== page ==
Knowledge, Wesleyan University Press, 2007
Culture through Japanese Dance (Wesleyan University Press) was
the 2008 recipient of the Society for Ethnomusicology's Alan P. Merriam
Prize, which recognizes the most distinguished, published English-language
monograph in the field of ethnomusicology.
If you're using the book in your class and are interested in a workshop, talk, or Skype session, feel free to contact me! hahnt (at) rpi.edu
Here's an excerpt...
I remember my first dance lesson with Iemoto (headmaster) Tachibana Yoshie
in Tokyo. She took my elbow and led me across the studio, pointing at
the impeccably clean wood floor. Nothing seemed unusual. “See these
marks . . .,” she said, kneeling down on the floor and still pointing
here and there. As I bent down to sit by her side, minute water marks
and nicks on the floor’s surface came into focus. “Those stains
are from all of our sweat and tears here together,” she continued,
sweeping her arm across the room toward the half-dozen onlooking students.
“All these marks are from our hard work together everyday––dancing.”
I looked up from the floor to the students and down to the floor again.
My eyes, now wide open, saw how speckled the floor was. In conversations
"Hatchobori" often becomes a metaphor for our dance lives, relationships,
obligations, and the Tachibana dance tradition.
The above story illustrates how this "house" ("ie") embodies our dance,
and how each of us contributes to the physical form of the house. The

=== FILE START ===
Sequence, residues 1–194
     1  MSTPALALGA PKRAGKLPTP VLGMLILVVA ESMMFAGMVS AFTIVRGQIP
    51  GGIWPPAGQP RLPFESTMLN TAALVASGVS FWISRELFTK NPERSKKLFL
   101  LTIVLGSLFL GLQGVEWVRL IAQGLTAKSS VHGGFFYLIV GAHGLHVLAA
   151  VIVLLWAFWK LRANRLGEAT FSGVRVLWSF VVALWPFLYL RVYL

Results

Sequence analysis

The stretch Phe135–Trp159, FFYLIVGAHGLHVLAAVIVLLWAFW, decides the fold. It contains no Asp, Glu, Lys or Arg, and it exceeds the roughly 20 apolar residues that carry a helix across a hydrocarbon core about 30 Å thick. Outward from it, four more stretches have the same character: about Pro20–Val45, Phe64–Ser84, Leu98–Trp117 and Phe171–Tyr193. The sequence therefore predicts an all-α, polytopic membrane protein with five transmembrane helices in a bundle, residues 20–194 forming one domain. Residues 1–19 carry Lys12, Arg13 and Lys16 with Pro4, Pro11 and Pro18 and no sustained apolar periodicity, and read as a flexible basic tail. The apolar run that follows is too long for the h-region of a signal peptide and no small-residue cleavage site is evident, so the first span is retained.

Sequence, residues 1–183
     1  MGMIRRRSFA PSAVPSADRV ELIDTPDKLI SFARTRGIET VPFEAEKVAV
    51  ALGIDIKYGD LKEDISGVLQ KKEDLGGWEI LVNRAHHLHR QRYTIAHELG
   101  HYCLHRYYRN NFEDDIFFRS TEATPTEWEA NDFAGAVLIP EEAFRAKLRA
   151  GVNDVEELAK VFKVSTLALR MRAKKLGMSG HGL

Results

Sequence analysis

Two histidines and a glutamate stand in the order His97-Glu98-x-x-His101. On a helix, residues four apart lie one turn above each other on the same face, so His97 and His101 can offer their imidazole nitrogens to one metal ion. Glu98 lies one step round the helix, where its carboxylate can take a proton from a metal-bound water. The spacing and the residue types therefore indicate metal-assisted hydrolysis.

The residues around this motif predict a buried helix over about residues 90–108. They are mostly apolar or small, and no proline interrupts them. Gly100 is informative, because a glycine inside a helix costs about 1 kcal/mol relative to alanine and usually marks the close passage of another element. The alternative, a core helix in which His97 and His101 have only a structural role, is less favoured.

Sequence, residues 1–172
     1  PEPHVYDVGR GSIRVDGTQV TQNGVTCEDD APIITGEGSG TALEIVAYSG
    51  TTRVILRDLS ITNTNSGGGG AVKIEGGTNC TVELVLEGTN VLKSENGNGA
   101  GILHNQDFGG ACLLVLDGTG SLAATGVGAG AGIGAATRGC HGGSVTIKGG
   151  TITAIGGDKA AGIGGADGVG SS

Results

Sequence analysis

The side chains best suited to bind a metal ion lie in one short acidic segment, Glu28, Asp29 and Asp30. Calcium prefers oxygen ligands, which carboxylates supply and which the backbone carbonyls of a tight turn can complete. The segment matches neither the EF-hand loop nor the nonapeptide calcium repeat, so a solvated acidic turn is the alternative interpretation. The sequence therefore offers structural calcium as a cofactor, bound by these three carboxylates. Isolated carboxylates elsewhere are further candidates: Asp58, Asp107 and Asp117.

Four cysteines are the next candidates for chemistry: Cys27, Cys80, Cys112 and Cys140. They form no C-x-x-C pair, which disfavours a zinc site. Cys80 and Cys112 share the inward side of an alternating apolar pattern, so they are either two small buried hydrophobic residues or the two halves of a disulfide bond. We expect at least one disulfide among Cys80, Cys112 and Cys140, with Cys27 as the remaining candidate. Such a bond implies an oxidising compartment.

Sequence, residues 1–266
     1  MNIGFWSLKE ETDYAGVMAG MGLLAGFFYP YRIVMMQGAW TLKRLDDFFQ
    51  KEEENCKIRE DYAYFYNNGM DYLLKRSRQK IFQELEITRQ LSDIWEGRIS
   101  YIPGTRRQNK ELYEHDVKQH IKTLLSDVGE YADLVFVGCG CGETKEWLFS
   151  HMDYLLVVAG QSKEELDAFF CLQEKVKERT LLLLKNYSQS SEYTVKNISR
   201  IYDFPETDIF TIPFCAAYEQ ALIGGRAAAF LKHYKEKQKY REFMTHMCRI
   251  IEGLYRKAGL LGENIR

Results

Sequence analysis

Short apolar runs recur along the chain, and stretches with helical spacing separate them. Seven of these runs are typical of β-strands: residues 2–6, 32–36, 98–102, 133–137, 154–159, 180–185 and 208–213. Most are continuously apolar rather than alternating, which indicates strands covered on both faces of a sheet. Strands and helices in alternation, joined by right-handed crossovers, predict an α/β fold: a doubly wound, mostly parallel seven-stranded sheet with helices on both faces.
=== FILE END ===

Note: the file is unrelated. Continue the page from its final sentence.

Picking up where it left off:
surface nicks and stains are insignificant in themselves, but they are
a tangible result of physical exertion during the process of learning.
They are manifestations of the hours we practice there together, generations
of marks layered upon each other. Dancing bodies created these marks which
are symbolic contributions to the larger representation of the school
body and an instantiation of our strong bonds.
Sensational Knowledge: Embodying Culture through Japanese Dance is
an ethnography offering a peek into some of the everyday life at the Tachibana
school of nihon buyo in order to convey the sensitivities of the culturally
constructed process of teaching. Since childhood, nihon buyo has been
a part of my life. This led me to question how we learn cultural sensitivities
of the body in such a way that they seem second nature, reflecting our
sense of self, as well as how we come to understand the world around us.
The site of my field work was primarily at Hatchobori, the main Tachibana
dance studio in Tokyo where the Tachibana headmasters reside and teach.
The themes in my writing rose from my experiences similar to the one related
above. Each experience encapsulates the essence of our dance household
life at Hatchobori and in the process, reveals the tradition of dance
transmission through generations of dancers. The physicality of transmission
is stimulating. The art, simply, is learned and passed down through moving
bodies. However, this reality unfolds into a deeply complex web of interconnected
impressions enacting cultural meanings.
Research funded in part by the Asian
Cultural Council, a Tufts Faculty Research Award, and the American
Association for University Women.
Iemoto Tachibana Yoshie teaching